"In contrast Labour will take a tough but balanced approach to cut the deficit each year and balance the books as soon as possible in the next Parliament. Our plan will make sensible spending cuts in non-protected areas, fairer choices like reversing the Tory tax cut for millionaires and change our economy so we earn our way to rising living standards for all."

George Eaton is political editor of the New Statesman.

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Labour's establishment suspects a Momentum conspiracy - they're right

Bernie Sanders-style organisers are determined to rewire the party's machine.  

If you wanted to understand the basic dynamics of this year’s Labour leadership contest, Brighton and Hove District Labour Party is a good microcosm. On Saturday 9 July, a day before Angela Eagle was to announce her leadership bid, hundreds of members flooded into its AGM. Despite the room having a capacity of over 250, the meeting had to be held in three batches, with members forming an orderly queue. The result of the massive turnout was clear in political terms – pro-Corbyn candidates won every position on the local executive committee.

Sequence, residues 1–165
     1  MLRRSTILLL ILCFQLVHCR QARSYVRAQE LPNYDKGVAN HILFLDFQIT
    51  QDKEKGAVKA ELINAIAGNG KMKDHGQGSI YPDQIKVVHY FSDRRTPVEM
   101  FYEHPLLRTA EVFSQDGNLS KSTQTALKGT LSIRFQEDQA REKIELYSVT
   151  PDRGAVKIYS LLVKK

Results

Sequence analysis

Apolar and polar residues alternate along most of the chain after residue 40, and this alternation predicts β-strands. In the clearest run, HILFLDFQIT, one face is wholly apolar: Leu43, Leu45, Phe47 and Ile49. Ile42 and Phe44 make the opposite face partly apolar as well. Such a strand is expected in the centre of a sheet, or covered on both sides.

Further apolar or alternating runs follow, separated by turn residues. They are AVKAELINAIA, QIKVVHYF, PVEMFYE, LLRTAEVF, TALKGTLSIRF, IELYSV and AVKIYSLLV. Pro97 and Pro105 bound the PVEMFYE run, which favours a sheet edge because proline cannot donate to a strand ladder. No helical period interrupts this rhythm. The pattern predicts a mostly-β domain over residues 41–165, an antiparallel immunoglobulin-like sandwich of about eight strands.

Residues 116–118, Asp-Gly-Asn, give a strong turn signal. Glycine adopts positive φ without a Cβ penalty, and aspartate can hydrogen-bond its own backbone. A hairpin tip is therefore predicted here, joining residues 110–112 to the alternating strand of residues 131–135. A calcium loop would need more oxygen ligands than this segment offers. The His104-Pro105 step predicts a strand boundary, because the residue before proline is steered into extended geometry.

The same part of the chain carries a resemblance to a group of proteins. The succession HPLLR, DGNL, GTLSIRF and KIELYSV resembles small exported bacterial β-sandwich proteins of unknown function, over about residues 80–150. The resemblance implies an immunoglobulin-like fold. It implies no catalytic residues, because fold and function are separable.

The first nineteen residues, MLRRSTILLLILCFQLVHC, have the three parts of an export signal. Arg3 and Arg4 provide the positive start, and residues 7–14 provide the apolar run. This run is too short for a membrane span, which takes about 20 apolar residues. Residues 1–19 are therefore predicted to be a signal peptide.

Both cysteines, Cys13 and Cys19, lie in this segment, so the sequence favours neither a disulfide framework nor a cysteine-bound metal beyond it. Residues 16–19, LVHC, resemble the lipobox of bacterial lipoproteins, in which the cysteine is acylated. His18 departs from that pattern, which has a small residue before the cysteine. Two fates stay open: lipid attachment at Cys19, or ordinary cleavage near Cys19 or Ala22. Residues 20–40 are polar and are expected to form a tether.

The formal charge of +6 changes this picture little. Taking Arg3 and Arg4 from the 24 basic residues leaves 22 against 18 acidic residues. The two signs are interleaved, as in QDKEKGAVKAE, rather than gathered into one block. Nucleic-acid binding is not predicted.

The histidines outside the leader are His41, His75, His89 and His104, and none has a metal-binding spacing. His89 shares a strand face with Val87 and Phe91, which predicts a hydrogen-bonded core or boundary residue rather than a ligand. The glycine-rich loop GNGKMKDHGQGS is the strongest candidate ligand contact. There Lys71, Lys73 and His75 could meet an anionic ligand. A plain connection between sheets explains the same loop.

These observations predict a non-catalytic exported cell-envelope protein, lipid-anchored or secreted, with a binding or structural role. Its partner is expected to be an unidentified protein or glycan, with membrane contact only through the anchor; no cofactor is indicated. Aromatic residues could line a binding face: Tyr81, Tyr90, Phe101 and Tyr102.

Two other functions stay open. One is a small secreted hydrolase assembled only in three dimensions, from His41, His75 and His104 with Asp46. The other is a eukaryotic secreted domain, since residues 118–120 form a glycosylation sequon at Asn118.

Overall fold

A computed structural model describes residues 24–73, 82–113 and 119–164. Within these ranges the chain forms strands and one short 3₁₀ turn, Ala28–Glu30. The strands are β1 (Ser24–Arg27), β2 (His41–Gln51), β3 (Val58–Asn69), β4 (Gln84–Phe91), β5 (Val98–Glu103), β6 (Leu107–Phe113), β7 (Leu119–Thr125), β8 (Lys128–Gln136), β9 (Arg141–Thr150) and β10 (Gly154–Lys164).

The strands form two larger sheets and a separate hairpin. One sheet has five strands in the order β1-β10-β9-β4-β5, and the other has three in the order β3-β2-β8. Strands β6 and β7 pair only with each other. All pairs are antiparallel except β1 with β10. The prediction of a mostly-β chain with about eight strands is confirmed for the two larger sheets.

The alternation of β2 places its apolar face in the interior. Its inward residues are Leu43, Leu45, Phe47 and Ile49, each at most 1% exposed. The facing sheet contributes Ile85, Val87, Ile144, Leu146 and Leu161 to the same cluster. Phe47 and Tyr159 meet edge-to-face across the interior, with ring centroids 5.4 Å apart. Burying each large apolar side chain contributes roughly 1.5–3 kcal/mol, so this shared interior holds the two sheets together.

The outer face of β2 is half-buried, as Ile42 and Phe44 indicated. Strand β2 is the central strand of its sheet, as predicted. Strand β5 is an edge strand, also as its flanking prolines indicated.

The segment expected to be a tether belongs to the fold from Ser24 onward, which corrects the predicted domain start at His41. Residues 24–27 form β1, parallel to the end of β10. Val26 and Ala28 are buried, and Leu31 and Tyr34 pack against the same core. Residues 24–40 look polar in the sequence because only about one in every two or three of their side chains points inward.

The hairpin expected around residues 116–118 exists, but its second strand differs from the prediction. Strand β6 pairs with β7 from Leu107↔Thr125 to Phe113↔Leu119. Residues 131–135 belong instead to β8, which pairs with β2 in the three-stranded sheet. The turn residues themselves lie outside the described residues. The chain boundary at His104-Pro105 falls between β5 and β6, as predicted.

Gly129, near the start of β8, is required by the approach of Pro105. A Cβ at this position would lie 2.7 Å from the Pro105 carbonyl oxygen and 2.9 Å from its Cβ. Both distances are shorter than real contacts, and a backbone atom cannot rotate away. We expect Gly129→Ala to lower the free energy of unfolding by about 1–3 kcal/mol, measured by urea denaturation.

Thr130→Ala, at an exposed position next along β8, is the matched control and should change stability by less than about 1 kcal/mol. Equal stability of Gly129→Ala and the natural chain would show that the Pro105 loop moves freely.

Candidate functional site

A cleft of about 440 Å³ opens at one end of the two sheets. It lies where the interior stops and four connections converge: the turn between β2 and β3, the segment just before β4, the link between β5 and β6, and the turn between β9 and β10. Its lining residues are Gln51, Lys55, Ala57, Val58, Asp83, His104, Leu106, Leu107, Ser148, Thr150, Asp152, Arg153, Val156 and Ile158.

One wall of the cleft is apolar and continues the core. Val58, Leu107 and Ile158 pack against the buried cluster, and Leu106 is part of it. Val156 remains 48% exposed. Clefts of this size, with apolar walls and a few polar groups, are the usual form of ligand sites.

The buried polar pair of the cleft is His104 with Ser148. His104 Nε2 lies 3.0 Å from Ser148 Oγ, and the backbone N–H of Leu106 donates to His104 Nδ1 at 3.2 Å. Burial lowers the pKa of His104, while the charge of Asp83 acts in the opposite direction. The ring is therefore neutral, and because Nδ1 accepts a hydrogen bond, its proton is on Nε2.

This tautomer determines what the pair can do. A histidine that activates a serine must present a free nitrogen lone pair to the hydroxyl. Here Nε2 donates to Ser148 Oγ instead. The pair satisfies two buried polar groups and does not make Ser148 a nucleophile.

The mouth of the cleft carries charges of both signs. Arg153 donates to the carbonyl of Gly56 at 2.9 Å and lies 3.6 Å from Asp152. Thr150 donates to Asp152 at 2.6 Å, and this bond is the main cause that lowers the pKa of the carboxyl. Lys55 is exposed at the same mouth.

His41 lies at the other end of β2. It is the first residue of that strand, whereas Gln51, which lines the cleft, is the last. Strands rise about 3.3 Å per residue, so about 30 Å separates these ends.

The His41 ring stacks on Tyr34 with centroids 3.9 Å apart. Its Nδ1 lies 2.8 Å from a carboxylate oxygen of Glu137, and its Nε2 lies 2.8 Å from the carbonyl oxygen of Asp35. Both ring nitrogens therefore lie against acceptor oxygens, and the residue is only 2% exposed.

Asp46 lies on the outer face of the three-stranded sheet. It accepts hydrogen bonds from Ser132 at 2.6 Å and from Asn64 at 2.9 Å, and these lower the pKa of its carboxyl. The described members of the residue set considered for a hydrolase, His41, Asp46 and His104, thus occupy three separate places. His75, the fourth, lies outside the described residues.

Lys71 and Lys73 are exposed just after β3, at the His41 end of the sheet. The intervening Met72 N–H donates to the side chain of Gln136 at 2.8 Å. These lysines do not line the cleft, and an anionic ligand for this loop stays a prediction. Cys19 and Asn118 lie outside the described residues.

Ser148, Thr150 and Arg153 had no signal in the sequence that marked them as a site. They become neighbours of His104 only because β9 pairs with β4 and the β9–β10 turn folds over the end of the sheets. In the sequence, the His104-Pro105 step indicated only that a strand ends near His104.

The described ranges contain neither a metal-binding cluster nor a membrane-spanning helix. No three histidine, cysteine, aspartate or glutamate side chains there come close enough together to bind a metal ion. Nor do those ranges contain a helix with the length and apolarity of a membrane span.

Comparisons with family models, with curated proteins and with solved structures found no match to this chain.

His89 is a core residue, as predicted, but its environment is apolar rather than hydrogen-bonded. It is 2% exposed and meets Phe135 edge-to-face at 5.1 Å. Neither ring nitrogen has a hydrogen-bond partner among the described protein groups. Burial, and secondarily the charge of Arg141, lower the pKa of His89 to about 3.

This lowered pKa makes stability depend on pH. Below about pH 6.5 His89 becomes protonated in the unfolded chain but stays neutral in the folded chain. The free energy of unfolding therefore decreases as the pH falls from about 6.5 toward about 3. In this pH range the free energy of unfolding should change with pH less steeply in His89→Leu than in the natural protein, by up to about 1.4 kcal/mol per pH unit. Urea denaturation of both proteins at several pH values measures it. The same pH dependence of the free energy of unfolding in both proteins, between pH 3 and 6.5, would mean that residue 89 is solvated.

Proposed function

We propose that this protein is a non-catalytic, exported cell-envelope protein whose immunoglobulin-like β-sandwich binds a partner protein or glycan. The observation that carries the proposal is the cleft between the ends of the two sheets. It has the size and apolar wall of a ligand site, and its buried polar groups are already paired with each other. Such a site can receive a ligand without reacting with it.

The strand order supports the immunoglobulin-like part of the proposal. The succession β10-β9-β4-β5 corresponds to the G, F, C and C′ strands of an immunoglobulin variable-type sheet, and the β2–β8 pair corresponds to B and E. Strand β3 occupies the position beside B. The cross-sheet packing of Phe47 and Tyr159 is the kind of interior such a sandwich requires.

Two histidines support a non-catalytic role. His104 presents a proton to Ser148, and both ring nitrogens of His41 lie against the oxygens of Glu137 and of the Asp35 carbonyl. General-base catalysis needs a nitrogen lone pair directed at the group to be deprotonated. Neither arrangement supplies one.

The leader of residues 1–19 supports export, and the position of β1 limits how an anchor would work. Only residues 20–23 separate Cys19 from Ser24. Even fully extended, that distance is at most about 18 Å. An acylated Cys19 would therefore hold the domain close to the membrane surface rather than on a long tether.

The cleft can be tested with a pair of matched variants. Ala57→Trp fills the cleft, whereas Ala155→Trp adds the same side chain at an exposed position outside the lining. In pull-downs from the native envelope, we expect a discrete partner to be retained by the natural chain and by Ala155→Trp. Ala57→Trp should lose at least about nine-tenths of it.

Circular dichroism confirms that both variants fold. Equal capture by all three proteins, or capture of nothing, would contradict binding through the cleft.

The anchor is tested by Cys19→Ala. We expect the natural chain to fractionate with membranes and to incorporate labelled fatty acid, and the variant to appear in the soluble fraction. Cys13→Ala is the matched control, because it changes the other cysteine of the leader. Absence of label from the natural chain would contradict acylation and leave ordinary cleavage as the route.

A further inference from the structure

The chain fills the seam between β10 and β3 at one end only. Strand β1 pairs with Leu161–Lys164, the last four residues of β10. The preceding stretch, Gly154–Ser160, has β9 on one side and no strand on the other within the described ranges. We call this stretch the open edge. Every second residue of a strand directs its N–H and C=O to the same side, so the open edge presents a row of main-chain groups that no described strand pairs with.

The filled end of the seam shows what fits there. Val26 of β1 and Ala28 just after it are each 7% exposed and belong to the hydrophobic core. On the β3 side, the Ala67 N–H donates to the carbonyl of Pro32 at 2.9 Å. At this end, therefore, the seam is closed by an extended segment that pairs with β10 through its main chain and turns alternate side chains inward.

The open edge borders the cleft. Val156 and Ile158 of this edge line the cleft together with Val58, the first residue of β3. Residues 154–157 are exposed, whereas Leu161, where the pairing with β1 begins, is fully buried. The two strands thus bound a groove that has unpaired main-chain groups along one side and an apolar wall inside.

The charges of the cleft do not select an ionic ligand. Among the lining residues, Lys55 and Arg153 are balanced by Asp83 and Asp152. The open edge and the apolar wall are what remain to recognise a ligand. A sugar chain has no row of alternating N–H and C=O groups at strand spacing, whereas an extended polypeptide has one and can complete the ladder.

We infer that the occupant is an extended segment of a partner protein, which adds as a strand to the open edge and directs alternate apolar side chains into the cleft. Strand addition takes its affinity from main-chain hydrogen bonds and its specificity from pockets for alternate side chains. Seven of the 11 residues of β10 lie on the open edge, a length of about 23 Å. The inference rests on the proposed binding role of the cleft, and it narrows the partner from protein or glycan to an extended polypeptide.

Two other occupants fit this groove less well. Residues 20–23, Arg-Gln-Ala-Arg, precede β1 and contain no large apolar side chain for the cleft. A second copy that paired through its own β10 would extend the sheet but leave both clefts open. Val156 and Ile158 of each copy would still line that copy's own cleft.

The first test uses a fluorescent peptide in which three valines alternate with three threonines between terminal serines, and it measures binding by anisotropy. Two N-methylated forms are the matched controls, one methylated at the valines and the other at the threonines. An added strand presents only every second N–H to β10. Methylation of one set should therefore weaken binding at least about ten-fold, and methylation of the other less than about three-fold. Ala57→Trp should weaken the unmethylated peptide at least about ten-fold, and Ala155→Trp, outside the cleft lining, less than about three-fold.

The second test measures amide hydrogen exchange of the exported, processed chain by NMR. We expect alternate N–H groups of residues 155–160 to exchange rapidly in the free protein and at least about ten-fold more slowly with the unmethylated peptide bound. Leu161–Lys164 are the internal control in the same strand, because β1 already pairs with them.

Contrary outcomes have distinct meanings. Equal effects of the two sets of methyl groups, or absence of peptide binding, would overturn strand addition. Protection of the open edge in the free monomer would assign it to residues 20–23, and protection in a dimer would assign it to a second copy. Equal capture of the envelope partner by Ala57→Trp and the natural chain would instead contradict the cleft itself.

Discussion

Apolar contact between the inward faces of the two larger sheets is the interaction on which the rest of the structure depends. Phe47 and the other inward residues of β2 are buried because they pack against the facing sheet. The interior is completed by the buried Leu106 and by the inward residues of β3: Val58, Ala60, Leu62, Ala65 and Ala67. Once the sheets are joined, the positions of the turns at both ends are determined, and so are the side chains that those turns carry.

Many in the room hailed the turnout and the result. But others claimed that some in the crowd had engaged in abuse and harassment.The national party decided that, rather than first investigate individuals, it would suspend Brighton and Hove. Add this to the national ban on local meetings and events during the leadership election, and it is easy to see why Labour seems to have an uneasy relationship with mass politics. To put it a less neutral way, the party machine is in a state of open warfare against Corbyn and his supporters.